After her parents had sailed to the West, she found it hard to believe in anything at all. Her heart was torn when they left, leaving her in the capable hands of an elleth.
Life had been simple when she lived with Earthellë, but when Nimfalas was killed by the blade; his wife was not long to follow him to Mandos, leaving Nesuldé an orphan again.
Of course, by that time she was able to take care of herself and she was offered a position as librarian within Lord Elrond’s palace. She snatched up the opportunity without hesitation, and she was presented with her very own chambers within the Last Homely House, not too far from the library.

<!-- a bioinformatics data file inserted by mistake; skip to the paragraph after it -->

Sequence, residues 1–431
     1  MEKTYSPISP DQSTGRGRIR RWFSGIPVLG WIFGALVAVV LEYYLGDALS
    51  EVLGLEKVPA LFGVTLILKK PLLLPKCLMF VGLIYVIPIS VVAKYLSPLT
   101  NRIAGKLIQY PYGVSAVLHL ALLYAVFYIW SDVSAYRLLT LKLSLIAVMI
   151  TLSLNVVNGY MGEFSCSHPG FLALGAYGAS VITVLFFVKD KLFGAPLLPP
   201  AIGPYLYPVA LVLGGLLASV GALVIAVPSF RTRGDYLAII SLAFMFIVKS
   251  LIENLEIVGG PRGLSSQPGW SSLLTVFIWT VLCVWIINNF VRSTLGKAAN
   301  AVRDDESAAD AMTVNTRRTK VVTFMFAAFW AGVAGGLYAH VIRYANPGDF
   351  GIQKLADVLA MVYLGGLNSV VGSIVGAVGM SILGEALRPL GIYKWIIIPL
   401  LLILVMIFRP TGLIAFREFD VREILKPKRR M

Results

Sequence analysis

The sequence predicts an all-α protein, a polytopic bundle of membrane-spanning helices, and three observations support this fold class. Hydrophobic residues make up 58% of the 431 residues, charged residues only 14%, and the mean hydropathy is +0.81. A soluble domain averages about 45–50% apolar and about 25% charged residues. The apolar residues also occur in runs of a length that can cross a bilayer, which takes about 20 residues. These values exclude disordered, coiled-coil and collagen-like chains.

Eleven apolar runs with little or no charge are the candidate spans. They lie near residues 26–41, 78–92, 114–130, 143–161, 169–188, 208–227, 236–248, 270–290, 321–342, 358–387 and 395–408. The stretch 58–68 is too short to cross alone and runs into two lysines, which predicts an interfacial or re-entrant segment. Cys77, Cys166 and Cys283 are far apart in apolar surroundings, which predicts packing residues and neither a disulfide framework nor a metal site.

It was there she had met Glorfindel, and it was there his arrogance and wisdom collided to intrigue her greatly. She would often find him there, sitting in a chair, his legs hanging over the arm and a book in hand. She would be shelving books in a far dark corner of the room, watching him silently, never to reveal her hiding place.
It took a very long time for her to conjure up enough courage to speak to him, but she found a way to strike up conversation here and there, in her own fashion.
It was also there that Glorfindel had offered to teach her of all the things she wished to know. He wished to teach her of lore, of herbs, of art, and even skill with a bow. Of course, being ever eager for knowledge, she readily accepted.